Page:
How is lung cancer diagnosed and managed?

Usually, concern that a patient may have lung cancer starts as an abnormal finding on a chest imaging study (chest X-ray or CT scan) or when the disease is advanced enough to cause symptoms, such as coughing, shortness of breath, chest pain, fatigue and/or weight loss.

Diagnosis requires a biopsy, or the removal of cells or tissues from the suspicious mass. Biopsies can be performed through a camera fed through the breathing tubes (called bronchoscopy) or from a needle inserted through the skin into the lung tumor. If these approaches are not successful, surgery may be required for an adequate diagnosis. The biopsy is important in determining whether or not it is cancer, and to determine which type of lung cancer.

Clinical trials

For some patients, participating in a clinical trial may be a treatment choice. Clinical trials are done to find out if new cancer treatments are safe and effective, or to see if they are better than the standard treatment. Many of today’s standard treatments for cancer are based on earlier clinical trials. Patients who take part in a clinical trial may receive the standard treatment or be among the first to receive a prospective new treatment.

Patients who take part in clinical trials also help improve the way cancer will be treated in the future. Even when clinical trials do not lead to effective new treatments, they often answer important questions and move medical knowledge forward.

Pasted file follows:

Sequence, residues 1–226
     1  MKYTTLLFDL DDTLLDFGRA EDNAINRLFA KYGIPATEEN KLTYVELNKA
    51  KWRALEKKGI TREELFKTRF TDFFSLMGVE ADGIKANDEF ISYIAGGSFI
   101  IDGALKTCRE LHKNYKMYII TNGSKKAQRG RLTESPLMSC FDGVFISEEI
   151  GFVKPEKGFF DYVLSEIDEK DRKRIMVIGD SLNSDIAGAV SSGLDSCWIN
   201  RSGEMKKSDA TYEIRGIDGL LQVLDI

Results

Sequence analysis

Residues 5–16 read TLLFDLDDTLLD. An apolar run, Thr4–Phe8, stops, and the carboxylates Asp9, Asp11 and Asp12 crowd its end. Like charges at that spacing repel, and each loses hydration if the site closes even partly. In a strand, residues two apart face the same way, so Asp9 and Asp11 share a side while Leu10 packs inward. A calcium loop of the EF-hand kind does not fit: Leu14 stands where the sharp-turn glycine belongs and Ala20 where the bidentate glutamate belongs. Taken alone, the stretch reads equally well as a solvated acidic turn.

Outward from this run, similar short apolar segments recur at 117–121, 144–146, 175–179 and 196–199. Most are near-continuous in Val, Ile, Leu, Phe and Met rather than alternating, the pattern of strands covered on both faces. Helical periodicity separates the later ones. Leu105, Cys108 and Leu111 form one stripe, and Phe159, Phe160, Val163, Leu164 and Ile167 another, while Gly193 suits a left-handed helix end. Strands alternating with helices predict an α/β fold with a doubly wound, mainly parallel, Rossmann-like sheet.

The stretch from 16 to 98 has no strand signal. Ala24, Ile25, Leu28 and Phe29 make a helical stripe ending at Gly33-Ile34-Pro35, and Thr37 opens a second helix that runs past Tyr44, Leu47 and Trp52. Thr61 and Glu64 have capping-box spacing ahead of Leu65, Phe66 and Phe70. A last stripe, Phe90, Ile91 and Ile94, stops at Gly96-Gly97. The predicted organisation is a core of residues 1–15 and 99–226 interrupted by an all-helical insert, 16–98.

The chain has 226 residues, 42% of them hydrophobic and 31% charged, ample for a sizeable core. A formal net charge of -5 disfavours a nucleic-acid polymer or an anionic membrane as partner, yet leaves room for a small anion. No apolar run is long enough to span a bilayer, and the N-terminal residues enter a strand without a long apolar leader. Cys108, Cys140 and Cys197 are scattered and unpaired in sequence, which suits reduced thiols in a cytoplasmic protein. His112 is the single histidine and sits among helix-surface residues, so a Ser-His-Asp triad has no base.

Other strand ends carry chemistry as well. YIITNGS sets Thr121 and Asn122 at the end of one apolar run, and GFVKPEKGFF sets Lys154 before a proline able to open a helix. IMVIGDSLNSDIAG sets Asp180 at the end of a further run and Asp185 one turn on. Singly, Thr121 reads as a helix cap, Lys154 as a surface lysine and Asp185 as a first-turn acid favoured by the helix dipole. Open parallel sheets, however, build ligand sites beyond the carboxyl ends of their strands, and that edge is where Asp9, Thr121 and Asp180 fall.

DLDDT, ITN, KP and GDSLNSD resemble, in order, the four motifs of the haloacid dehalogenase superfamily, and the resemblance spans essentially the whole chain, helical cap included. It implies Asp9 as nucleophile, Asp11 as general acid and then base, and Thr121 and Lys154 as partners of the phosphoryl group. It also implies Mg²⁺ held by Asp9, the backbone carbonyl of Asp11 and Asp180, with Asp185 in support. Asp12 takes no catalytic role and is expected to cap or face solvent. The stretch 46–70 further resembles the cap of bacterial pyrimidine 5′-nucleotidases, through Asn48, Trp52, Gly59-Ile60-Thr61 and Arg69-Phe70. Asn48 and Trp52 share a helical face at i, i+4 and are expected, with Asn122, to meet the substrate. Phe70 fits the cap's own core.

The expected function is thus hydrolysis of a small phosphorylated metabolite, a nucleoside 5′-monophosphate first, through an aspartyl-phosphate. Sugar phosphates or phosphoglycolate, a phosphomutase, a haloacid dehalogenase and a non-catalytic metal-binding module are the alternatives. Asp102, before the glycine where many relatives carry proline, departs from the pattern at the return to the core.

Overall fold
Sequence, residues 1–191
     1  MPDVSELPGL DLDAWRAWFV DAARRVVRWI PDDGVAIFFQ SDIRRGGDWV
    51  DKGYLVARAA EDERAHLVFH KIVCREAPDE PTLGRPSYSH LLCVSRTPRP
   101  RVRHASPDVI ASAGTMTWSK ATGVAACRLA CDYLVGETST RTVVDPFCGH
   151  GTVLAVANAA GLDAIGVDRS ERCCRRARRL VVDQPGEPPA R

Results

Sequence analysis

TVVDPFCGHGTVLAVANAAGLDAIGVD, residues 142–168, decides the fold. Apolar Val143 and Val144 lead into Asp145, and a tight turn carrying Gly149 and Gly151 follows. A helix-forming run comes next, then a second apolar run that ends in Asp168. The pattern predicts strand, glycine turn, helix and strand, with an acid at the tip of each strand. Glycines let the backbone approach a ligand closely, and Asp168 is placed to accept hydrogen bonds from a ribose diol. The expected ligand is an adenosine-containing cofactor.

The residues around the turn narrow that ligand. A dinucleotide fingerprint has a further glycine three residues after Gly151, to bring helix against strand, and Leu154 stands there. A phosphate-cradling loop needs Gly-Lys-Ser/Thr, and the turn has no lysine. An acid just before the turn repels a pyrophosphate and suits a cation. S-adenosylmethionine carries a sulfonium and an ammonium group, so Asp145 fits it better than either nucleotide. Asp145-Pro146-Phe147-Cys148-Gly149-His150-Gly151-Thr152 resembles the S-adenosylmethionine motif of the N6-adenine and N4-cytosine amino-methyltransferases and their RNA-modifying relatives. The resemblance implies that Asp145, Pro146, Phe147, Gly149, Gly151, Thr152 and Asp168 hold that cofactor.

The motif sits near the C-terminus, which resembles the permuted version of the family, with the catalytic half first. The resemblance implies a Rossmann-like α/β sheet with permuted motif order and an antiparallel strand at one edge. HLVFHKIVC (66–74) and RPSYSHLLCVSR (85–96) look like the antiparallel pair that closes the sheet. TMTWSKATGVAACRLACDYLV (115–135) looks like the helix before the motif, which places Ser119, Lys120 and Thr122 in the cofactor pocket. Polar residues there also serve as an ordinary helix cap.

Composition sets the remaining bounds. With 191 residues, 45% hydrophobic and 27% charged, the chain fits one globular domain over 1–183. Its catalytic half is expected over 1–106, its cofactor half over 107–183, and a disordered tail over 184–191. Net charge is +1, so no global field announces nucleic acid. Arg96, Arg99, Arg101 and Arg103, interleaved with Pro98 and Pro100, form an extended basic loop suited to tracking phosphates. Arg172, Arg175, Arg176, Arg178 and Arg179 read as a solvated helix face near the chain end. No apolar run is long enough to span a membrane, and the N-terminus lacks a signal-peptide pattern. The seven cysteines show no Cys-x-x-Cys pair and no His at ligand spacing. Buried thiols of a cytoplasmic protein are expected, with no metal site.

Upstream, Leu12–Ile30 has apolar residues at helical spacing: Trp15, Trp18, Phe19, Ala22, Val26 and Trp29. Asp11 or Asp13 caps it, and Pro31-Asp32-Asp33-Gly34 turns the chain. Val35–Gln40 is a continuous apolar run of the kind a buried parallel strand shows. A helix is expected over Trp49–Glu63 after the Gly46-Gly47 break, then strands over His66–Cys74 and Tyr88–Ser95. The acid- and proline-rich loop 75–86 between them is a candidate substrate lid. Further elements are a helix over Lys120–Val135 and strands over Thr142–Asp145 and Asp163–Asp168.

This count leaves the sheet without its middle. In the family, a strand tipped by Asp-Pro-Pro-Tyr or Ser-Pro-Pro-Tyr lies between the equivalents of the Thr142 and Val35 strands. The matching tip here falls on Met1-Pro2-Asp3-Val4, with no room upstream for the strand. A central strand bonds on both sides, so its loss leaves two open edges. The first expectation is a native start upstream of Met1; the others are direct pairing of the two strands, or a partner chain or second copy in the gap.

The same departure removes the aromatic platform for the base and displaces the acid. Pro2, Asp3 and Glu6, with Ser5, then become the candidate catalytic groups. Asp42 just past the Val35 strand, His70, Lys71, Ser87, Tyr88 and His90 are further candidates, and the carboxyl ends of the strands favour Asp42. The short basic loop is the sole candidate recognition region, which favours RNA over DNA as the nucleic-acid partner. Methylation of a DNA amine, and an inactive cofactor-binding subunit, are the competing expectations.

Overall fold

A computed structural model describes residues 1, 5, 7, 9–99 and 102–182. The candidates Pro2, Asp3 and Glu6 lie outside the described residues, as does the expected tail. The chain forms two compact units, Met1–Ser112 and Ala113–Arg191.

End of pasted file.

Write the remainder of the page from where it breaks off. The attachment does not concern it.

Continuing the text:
Lung cancer screening

Lung cancer screening refers to testing a healthy individual at high risk for developing lung cancer who has no symptoms of lung cancer to find lung cancer at a stage that it can be better treated. Low-dose chest CT based screening has been found to reduce the number of people who die from lung cancer with acceptable risks when performed in a high quality setting. At Cleveland Clinic, we have a comprehensive lung cancer screening program for those individuals at high risk of developing lung cancer (aged 55 to 77, 30+ pack-years of smoking, smoked within the past 15 years).

Last reviewed by a Cleveland Clinic medical professional on 07/10/2019.

References

  • Lungcancer.org. A program of Cancercare™. Accessed 9/9/2019.
  • National Cancer Institute. Lung Cancer. Accessed 9/9/2019.
  • American Lung Association. Lung Cancer. Accessed 9/9/2019.
  • Mazzone P. Lung cancer screening: examining the issues. Cleve Clin J Med. 2012;79 Electronic Suppl 1(e-Suppl_1):eS1-6.
  • Dropcho EJ. Neurologic complications of lung cancer. Handb Clin Neurol. 2014;119:335-61.
  • Mazzone, PJ, Silvestri GA, Patel S, et al. Screening for lung cancer: CHEST guideline and expert panel report. [Published online ahead of print January 25, 2018]. CHEST. Doi:10.1016/j.chest.20189.01.016.
  • World Health Organization. Cancer. Accessed 9/9/2019.

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